Thursday, June 14, 2012

Poor People are Dumb!

Y'know, one of the ideas in the left I see over and over and over again, is that poor people vote for Republicans or favor capitalism or oppose welfare because they're dumb.

Those words aren't usually used.  Usually the person making this statement couches the idea in more palatable terms, like "They're being misled," "They're being brainwashed," "They think they'll win the millionaire lottery and become one of those rich people overnight."

But all of those are just euphemisms for the idea that the person buying into this idea is stupid, because the necessary implication is that the speaker, and the people who agree with the speaker, are smart enough to see through this subterfuge, and the poor people aren't.

An honest person reflecting on the issue wouldn't take very long to come to the conclusion that poor people just plain disagree with them on what is best for them.

Most of the poor people I've known - and coming from a rural part of Texas, has been most of the people I've known, dubiously including myself at a couple of points in my life (I wouldn't have described myself as poor, but I know many people would describe me in those terms) - just plain disagree with the welfare system.  This has included a lot of people who were on it, which gives me some insight I think many people lack.

They recognize the help welfare provides, the value it provides to them.  They also recognize exactly how easy it is to get on it, how easy it is to take advantage of it, and have known -way- too many friends and relatives who have abused the system.  They've also seen what they regard as serious damage it has done to those friends and relatives, turning them away from productive labor and self-improvement, where it doesn't outright forbid it.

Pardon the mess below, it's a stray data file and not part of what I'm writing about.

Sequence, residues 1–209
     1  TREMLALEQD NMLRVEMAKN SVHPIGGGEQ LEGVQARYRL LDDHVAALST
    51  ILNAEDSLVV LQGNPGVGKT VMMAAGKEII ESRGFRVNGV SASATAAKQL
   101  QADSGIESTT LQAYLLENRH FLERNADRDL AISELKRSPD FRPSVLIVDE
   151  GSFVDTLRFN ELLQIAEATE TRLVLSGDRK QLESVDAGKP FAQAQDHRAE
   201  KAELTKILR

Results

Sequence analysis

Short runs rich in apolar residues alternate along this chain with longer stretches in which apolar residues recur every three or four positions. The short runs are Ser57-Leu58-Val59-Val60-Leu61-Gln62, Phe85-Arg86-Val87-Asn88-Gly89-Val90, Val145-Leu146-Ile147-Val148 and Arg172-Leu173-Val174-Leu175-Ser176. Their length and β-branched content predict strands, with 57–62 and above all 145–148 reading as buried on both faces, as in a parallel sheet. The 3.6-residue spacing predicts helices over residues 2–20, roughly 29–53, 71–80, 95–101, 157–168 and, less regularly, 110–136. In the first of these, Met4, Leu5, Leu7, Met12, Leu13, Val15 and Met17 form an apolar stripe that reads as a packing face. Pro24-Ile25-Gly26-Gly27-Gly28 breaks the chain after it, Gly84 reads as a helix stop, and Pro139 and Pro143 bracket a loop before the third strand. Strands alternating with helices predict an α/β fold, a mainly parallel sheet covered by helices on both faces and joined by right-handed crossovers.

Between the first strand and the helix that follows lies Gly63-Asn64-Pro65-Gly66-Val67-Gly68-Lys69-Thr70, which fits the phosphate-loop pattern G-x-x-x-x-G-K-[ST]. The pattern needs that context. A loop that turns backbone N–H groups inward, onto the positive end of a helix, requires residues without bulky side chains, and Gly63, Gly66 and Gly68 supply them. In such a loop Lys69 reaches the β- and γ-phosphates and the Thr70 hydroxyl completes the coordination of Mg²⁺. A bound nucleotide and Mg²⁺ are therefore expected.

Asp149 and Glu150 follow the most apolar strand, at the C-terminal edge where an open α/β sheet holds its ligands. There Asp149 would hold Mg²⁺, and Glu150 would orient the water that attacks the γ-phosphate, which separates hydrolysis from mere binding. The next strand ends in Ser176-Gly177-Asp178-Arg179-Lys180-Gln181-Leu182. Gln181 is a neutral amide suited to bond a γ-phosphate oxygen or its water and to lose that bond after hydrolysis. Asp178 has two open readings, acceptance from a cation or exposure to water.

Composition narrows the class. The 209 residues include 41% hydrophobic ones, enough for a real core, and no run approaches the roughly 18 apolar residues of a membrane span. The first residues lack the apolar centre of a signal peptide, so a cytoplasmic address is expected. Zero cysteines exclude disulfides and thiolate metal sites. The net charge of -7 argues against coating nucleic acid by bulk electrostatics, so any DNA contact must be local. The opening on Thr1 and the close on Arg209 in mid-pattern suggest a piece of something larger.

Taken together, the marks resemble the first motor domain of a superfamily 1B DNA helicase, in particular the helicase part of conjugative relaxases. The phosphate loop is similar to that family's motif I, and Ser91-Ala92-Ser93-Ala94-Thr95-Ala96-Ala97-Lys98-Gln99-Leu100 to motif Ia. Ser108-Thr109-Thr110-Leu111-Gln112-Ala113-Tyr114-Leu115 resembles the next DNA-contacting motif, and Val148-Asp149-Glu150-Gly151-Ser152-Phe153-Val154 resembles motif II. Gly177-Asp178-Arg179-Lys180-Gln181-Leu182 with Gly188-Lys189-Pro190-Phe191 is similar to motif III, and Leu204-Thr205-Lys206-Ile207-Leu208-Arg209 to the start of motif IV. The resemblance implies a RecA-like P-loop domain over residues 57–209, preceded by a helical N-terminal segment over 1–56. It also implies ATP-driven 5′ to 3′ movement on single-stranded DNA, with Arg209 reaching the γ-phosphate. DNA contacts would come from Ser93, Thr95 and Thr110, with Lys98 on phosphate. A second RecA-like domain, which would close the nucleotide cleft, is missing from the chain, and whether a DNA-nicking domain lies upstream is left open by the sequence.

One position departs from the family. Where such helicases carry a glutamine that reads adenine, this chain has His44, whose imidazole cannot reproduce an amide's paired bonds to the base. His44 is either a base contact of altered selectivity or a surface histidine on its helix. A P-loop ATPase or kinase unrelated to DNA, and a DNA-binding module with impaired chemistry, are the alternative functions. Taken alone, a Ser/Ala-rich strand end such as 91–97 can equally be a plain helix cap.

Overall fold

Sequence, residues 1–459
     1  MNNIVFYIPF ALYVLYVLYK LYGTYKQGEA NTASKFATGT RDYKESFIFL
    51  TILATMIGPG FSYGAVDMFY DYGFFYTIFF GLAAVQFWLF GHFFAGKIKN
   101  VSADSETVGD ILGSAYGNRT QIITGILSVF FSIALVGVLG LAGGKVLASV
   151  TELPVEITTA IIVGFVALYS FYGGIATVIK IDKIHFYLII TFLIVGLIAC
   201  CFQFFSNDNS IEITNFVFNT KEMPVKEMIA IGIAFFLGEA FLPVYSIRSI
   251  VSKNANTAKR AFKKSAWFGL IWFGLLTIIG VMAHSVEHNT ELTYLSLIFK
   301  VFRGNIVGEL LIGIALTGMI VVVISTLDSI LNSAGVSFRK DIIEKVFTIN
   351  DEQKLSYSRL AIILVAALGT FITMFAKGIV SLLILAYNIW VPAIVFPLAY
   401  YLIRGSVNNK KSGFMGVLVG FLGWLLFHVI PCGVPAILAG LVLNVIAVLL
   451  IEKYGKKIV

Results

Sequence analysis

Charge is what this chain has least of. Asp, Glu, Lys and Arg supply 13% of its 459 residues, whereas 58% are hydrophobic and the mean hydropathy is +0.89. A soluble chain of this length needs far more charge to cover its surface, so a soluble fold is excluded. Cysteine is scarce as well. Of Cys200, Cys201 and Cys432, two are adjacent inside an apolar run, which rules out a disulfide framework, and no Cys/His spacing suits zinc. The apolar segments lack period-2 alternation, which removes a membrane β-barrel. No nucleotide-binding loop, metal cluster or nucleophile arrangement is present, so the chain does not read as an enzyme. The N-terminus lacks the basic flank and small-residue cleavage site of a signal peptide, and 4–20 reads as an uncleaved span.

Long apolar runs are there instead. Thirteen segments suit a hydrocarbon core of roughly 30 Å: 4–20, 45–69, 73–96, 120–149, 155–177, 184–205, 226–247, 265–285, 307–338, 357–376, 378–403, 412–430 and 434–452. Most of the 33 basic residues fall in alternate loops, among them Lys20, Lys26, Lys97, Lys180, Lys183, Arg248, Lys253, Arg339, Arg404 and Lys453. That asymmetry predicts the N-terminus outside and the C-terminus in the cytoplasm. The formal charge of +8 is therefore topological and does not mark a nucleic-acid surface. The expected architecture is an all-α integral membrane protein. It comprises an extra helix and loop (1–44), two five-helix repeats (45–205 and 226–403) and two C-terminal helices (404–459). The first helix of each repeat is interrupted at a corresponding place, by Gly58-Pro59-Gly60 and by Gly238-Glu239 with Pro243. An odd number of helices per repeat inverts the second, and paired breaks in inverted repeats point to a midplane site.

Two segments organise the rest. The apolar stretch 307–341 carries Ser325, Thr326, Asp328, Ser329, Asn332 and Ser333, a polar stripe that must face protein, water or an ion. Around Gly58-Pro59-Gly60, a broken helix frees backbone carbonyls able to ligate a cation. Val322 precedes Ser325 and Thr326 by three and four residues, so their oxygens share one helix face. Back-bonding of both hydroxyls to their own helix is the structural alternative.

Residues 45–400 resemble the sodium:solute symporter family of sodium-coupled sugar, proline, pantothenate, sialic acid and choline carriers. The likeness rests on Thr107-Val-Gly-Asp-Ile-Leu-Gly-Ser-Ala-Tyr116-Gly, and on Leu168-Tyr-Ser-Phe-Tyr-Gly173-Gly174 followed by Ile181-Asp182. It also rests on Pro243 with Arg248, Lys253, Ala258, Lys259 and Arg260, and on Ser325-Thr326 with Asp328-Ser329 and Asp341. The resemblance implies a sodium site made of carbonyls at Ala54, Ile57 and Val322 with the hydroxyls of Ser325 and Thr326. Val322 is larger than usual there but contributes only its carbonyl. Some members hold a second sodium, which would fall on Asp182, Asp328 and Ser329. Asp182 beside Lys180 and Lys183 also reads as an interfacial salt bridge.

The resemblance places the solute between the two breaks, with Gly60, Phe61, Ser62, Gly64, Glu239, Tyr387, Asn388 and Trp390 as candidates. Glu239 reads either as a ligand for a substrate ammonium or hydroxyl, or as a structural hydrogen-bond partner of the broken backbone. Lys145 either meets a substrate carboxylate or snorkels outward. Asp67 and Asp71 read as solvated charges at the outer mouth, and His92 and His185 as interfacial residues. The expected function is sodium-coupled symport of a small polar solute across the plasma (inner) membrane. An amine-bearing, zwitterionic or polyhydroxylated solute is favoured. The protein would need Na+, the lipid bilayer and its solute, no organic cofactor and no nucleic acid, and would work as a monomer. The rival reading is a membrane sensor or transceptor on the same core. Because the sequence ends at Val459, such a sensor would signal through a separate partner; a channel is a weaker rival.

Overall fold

My parents are among them; they collected, for a time, after they both lost their jobs in the same brief timespan.  And were permanently turned off to welfare as a result, because they were literally collecting more money from the state than they had been making when they had both been working, prior to being laid off.  It was a very corrupting temptation to continue to use the system, a temptation which they turned down, working harder than ever, and they refused to file for social security aid on one of my siblings, in spite of that the law allowed it.

I've grown up among hard workers.  I've also grown up among people who lost all ambition when they discovered that life was easier on welfare.  Those who haven't lived in poor communities have no idea why the welfare system is regarded the way that it is by many people in this country.  It doesn't take idiocy to be horrified by a system which systematically turned some of my brightest cousins and peers into welfare junkies, horrified by a system which turned lifetime disabilities into a lottery jackpot.  There are places in the country where welfare won't cover the bills - but there are a whole lot more places where welfare provides an adequate, if meager, wage, and a whole lot of free time for under-the-counter and unreported income.

Welfare is best described as a narcotic.  For some people, it's much-needed relief.  But for many other people, it's a drug, a way of removing yourself from the unpleasant nature of reality.  The problem is, government isn't great at distinguishing between one sort of person and the other.

You want to know why the regions which most oppose welfare are generally also the regions where its use is most common?  It's because they are populated by people who see firsthand the damage it does.  It's not religion.  It's not trickery or fraud.  It's not brainwashing.

It's people, people who have to live with the ramifications of federal welfare policies which don't respect the fact that welfare which might be insufficient in Massachussets could be the jackpot of a lifetime somewhere else.

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